(Host) Federal regulators let Tuesday’s deadline pass and failed to respond to Vermont’s request for an independent assessment of the Vermont Yankee nuclear power plant. Public Service Commissioner David O’Brien says he’s disappointed with the federal Nuclear Regulatory Commission. O’Brien says the federal agency runs the risk of losing public confidence in the Yankee plant.
VPR’s John Dillon reports:
(Dillon) When the state Public Service Board approved a 20 percent power increase for the Vernon reactor, it did so only under the condition that the Nuclear Regulatory Commission conduct a detailed engineering assessment. The request for the new review gained urgency last week when officials learned that Yankee lost two pieces of a highly radioactive fuel rod.
Public Service Commissioner David O’Brien says an independent study of the nuclear plant is needed to restore confidence in Yankee’s operation. O’Brien and Governor Jim Douglas had asked the NRC to respond by Tuesday. But the NRC failed to meet the state’s deadline. O’Brien was disappointed in the lack of response.
(O’Brien) “I don’t see the level of sensitivity here from the federal agency responsible for this.”
(Dillon) An agency official said the NRC is taking it’s time because of concerns that the state’s request could change long-standing policy. The federal government has the prime authority over nuclear power, and the NRC worries that if it approves the Yankee study assessment, it may be hit with similar requests from other states.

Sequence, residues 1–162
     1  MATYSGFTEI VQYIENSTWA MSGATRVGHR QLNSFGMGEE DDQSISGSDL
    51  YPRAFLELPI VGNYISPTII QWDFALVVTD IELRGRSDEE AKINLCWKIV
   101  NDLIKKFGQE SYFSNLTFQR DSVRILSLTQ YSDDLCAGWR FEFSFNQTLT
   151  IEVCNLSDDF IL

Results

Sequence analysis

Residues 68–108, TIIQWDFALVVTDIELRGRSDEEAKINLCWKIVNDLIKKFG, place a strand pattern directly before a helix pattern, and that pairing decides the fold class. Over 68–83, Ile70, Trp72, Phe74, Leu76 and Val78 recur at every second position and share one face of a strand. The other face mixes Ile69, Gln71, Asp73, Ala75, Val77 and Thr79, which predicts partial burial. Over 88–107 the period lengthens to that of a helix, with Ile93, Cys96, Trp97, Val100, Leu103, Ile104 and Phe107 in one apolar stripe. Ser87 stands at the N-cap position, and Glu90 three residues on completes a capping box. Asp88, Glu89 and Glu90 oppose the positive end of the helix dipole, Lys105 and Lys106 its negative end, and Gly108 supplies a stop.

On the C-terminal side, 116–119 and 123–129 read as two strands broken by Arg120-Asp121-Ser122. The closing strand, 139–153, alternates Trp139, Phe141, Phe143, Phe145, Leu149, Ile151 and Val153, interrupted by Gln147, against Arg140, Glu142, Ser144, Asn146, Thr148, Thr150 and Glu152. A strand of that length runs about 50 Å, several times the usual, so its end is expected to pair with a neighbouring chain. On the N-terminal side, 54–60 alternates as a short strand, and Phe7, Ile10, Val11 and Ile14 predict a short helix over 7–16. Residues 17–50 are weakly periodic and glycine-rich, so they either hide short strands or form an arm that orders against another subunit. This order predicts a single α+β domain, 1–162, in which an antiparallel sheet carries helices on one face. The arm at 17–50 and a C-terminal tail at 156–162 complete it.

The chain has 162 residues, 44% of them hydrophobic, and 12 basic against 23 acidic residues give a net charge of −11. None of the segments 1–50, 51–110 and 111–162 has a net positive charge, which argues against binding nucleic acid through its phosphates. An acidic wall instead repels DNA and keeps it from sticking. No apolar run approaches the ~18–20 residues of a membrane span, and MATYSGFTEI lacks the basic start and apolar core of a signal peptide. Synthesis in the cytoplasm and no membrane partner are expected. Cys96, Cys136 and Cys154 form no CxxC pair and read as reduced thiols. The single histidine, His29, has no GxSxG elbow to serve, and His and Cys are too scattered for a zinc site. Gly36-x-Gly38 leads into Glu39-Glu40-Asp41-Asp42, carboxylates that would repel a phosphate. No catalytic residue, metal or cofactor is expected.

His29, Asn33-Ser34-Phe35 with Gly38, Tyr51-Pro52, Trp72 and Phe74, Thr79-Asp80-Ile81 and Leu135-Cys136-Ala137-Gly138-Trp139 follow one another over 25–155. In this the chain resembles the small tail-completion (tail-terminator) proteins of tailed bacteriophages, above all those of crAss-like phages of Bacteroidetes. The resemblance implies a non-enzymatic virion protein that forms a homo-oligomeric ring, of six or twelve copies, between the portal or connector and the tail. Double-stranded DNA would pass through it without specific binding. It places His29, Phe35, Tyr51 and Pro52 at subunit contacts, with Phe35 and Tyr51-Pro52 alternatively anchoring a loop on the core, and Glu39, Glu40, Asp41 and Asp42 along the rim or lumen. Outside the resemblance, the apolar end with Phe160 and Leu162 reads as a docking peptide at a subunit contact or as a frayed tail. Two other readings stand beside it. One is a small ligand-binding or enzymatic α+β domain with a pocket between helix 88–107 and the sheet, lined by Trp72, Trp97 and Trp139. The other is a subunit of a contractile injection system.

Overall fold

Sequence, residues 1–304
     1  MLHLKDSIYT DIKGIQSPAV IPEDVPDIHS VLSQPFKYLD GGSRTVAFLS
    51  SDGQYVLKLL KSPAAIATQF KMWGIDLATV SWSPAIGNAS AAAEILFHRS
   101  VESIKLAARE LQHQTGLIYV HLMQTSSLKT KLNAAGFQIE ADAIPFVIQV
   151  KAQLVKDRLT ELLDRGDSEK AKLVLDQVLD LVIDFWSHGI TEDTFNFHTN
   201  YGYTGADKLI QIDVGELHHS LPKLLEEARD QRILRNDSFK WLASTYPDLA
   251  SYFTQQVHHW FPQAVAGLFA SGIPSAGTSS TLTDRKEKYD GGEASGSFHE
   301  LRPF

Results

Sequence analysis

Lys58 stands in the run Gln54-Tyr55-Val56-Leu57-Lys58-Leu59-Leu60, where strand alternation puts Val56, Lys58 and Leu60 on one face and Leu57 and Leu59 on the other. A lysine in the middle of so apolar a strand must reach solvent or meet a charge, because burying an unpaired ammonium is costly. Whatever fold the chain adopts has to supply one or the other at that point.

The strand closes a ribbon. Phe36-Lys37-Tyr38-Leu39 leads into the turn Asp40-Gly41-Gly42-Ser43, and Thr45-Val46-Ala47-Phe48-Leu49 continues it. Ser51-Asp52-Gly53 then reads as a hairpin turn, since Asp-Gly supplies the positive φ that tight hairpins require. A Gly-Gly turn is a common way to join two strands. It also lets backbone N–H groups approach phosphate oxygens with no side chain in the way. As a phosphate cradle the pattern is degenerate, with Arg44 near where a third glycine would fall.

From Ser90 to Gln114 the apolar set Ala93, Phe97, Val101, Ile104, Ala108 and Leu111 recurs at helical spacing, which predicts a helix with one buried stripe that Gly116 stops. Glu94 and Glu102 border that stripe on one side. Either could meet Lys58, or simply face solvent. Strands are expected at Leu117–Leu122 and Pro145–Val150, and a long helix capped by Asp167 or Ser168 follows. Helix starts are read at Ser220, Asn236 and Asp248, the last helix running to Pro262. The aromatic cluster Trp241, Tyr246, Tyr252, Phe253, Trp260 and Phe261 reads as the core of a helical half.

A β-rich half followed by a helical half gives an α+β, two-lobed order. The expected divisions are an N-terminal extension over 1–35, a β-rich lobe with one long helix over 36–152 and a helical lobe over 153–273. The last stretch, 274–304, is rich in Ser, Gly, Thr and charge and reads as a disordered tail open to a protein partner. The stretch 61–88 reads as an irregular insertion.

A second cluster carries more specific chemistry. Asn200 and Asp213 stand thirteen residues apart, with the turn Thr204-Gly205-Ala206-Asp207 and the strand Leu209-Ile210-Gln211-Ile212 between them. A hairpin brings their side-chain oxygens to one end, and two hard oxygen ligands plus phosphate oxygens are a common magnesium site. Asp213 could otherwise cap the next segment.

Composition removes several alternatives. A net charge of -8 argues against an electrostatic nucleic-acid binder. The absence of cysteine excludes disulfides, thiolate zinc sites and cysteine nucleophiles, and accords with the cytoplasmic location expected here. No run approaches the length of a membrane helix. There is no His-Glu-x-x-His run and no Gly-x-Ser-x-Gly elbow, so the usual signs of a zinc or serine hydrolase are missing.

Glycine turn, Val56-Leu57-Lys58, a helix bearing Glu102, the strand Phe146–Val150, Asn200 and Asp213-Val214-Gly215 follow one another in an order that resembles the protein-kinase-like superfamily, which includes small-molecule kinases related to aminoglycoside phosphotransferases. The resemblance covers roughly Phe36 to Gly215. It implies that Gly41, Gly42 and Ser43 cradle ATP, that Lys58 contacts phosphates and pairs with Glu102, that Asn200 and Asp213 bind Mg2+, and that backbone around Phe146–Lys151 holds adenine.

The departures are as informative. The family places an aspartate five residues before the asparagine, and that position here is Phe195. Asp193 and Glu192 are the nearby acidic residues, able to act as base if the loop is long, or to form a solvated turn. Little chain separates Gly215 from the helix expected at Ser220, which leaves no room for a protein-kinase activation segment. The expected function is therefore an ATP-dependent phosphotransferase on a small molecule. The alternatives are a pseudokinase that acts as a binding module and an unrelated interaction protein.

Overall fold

O’Brien says the NRC needs to conduct the study in order to restore public trust in the safe operation of the state’s only nuclear plant.
(O’Brien) “They are in a unique position to provide public confidence. And to the degree to which they believe in this facility, they have a responsibility to step up.”
(Dillon) The NRC said this week that there is no link between the missing fuel components and its review of the 20 percent power increase. O’Brien says that’s not the way the public sees it.
(O’Brien) “I think what is on the mind of Vermonters right now is, does this present any sort of possibility of any other issues we’re not aware of? I’m not saying that there’s anything to be ultimately concerned about at the end of the day. But that’s what’s on the minds of everyday people. And the NRC, I think, struggles to understand that in a lot of cases.”
(Dillon) Meanwhile, a Vermont Yankee spokesman says operators searched the spent fuel pool with a camera today and did not find the missing pieces. He said a remote controlled camera will be used on Thursday to continue the search.
For Vermont Public Radio, I’m John Dillon in Montpelier.